Participant variables. Basic demographic data (age, gender, ethnicity/race, and year in college) were collected from each participant on the post-course survey instrument using categories from the Integrated Postsecondary Education Data System (U.S. Department of Education, Institute of Education Sciences, National Center for Education Statistics, 2012). First-generation college status was determined by participants’ self-reports of their parent(s)’ highest degree completion.

Results

Between Group Analysis of Variance revealed no significant differences between state university students’ and community college students’ motivating potential scores and no difference in change scores for self-efficacy and learner empowerment. Therefore, data from all campuses were combined for subsequent analyses.

Change in Self-Efficacy

A paired samples t test showed a significant increase in participants’ self-efficacy scores from the beginning of the semester (M = 39.6, SD = 6.9) to the end of the semester (M = 40.6, SD = 5.1), t(226) = 2.41, p = .016). To investigate moderators of this change in efficacy, hierarchical regression was performed. Prior to the analysis a number of tests were conducted on the data set to confirm that key assumptions underlying linear regression were met: tests for multicollinearity yielded low levels of collinearity for all continuous variables entered into the analysis with variance inflation factors between 1.0186 and 1.142. Assumptions for linearity and normality were also verified with inspection of scatter plots and probability plots for continuous study variables.

The first stage of the hierarchical regression analysis included student characteristics (age, gender, race/ethnicity, year in college, and first-generation college status), which were entered as a single block. The proposed key predictor, MPS was entered at the second stage. Because the results of an initial regression suggested the presence of a strong interaction between MPS and Hispanic/Latino identification, this interaction term was included at stage 2 for exploratory purposes. Stage 3 included course-level variables (academic discipline, duration of service-learning project, and one vs. multiple community placements within a class). Learner empowerment, a proposed mediating variable, was added at the final stage.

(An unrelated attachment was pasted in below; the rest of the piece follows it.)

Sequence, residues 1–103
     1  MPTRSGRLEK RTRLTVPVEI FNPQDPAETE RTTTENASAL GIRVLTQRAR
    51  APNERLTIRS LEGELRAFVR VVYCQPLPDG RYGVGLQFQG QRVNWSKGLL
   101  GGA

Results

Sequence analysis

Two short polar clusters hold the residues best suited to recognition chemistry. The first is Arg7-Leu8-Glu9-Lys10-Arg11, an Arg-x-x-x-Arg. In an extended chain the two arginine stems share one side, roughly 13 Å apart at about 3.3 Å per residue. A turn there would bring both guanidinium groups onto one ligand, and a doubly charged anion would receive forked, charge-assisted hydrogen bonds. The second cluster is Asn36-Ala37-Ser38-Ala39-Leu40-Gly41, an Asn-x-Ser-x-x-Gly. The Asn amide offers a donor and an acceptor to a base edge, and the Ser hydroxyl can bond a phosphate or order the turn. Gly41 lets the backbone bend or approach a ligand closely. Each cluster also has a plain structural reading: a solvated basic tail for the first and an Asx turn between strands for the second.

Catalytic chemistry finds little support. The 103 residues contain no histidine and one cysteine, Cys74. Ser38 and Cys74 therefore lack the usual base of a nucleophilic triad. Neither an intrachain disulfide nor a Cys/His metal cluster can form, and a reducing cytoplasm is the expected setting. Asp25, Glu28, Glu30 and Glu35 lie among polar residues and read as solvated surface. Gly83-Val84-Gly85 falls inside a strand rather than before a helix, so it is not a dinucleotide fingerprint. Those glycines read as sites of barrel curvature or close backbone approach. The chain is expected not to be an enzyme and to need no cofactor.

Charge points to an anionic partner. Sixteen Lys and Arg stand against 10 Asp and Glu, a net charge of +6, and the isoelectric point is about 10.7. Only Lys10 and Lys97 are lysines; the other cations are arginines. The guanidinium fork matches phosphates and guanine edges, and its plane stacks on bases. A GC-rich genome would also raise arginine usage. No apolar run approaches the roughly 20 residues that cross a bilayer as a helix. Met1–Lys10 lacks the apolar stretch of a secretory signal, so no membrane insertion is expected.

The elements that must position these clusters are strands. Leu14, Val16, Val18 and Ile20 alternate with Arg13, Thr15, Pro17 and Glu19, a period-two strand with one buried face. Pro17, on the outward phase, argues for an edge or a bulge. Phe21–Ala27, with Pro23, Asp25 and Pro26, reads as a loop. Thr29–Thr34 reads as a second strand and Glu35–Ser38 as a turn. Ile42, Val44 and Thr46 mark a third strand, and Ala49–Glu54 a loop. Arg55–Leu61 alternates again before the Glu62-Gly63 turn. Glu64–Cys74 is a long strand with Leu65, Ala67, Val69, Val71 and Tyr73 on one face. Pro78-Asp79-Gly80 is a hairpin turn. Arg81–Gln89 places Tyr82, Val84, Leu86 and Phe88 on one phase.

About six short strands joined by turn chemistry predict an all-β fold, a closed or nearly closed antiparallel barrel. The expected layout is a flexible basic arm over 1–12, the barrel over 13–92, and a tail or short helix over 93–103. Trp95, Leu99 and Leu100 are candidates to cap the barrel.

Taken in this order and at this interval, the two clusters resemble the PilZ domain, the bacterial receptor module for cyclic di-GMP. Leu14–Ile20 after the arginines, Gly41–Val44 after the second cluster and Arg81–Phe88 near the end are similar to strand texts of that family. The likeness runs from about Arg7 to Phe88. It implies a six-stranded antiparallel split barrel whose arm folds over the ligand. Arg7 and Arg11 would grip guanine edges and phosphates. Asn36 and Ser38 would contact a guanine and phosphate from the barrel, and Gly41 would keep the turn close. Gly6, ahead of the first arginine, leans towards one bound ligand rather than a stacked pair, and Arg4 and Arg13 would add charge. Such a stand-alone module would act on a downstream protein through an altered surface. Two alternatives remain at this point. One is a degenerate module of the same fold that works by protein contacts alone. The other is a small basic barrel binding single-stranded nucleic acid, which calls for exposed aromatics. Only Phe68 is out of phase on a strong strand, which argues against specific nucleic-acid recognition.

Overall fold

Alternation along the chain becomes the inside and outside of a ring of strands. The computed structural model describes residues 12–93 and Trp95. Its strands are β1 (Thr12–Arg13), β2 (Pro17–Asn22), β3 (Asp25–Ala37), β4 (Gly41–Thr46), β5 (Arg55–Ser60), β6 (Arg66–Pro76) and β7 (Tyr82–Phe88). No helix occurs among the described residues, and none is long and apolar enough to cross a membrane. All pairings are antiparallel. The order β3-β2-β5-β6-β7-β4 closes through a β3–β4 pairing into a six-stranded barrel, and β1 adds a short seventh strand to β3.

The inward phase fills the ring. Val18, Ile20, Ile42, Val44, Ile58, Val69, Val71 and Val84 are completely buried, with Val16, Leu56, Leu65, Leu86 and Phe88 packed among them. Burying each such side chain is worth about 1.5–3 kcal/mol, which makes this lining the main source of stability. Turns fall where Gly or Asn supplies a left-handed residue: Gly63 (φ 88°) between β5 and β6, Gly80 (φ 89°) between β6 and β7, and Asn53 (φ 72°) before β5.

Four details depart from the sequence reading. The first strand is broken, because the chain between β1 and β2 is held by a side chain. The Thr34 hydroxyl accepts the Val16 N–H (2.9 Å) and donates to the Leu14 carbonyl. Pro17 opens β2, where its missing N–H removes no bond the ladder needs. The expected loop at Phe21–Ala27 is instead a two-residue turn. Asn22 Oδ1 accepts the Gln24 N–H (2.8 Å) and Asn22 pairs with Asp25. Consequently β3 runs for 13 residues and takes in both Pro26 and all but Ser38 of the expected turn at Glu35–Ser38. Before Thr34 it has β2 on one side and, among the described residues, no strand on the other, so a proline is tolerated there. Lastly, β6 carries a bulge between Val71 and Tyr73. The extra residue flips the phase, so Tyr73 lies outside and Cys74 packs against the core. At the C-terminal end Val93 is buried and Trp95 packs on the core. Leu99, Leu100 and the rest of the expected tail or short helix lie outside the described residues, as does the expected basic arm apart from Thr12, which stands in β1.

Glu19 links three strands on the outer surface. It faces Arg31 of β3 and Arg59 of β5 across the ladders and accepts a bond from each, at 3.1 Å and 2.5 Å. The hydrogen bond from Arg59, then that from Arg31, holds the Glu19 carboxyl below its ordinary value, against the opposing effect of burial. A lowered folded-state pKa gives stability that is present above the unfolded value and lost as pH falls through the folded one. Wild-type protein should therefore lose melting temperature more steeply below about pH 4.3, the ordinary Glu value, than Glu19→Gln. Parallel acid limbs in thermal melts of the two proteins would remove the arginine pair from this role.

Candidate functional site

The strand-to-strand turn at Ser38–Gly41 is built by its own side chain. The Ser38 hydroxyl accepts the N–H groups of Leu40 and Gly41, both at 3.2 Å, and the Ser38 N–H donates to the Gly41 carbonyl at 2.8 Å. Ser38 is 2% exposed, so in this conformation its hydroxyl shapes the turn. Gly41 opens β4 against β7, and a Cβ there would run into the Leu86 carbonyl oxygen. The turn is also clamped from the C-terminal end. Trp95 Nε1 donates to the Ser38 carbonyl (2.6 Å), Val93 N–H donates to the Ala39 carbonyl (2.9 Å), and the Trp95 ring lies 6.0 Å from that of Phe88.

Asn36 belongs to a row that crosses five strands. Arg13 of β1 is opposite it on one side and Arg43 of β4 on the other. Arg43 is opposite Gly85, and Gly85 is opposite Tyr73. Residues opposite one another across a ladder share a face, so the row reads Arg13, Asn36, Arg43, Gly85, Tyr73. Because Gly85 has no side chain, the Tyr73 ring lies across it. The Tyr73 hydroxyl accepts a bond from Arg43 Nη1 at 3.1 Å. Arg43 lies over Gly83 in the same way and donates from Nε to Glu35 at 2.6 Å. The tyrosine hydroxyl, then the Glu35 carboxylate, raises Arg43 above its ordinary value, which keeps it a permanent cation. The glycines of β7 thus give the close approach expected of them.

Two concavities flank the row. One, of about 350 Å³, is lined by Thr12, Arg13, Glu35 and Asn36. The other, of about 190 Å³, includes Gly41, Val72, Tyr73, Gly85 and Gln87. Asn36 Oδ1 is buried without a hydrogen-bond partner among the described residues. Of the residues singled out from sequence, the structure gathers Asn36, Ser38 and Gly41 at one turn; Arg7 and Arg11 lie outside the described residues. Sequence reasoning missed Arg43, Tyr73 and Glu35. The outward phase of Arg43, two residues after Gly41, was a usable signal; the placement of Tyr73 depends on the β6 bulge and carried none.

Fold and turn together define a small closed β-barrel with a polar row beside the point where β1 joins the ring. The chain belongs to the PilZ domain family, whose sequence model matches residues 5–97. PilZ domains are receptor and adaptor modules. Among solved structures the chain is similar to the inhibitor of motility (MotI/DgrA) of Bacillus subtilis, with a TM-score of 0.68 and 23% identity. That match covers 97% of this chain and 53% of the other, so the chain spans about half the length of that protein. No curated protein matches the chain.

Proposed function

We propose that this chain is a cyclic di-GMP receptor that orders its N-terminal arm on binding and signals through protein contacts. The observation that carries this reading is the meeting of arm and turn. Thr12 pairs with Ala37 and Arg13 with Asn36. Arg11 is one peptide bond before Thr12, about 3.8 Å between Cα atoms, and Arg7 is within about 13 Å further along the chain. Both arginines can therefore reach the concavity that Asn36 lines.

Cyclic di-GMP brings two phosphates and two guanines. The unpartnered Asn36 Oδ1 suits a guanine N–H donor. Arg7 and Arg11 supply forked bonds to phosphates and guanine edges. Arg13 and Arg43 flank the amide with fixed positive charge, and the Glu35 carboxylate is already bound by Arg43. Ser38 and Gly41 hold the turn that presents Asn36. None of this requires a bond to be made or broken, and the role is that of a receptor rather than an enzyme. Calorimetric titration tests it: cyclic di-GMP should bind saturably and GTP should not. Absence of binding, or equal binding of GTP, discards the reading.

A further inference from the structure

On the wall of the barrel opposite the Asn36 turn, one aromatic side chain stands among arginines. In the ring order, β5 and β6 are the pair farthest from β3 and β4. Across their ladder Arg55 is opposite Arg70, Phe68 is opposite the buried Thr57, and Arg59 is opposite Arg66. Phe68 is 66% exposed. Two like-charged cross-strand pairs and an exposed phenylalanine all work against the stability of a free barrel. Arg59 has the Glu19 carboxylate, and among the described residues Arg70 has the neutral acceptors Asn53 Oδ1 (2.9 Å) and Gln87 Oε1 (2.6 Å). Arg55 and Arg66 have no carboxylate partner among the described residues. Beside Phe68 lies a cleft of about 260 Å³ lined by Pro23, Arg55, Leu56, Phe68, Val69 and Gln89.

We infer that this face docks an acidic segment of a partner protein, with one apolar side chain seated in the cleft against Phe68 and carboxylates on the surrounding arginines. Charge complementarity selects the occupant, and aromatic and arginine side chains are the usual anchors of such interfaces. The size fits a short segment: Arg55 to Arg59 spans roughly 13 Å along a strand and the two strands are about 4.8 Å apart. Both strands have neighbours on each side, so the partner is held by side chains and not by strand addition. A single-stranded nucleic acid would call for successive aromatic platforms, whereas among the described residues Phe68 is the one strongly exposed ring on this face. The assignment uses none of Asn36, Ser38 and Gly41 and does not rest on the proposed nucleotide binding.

The hierarchical regression yielded models were significant at stage 1, stage 2, and stage 3, F(8, 214) = 2.02, p = .045; F(10, 212) = 4.81, p < .001; F(17, 203) = 3.85, p < .001, respectively. Table 2 displays the coefficients of determination for each of these models. The first model with student characteristics only explained 7% of the variability in self-efficacy change scores. Introducing MPS in the second model along with the MSP × Hispanic/Latino term accounted for an additional 11.5% of variability. The change in R-square from Model 1 to Model 2 was significant, F(2, 212) = 14.93, p < .001. Adding course-level variables at stage 3 did not significantly improve the next model. Lastly, the full model (Model 4) accounts for 24.2% of the variability in participants’ change scores for self-efficacy. The addition of learner empowerment at this final stage increased the R-square by 4.1%, F(1, 205) = 10.96, p = .001.

Table 2. Hierarchical Regression for Change in Self-Efficacy
Models R R 2 R 2 Δ Sig. F Δ
1 Predictors: student characteristics .265 .070 .070 .045*
2 Predictors: student characteristics, MPS × Hispanic/Latino identification .430 .185 .115 < .001*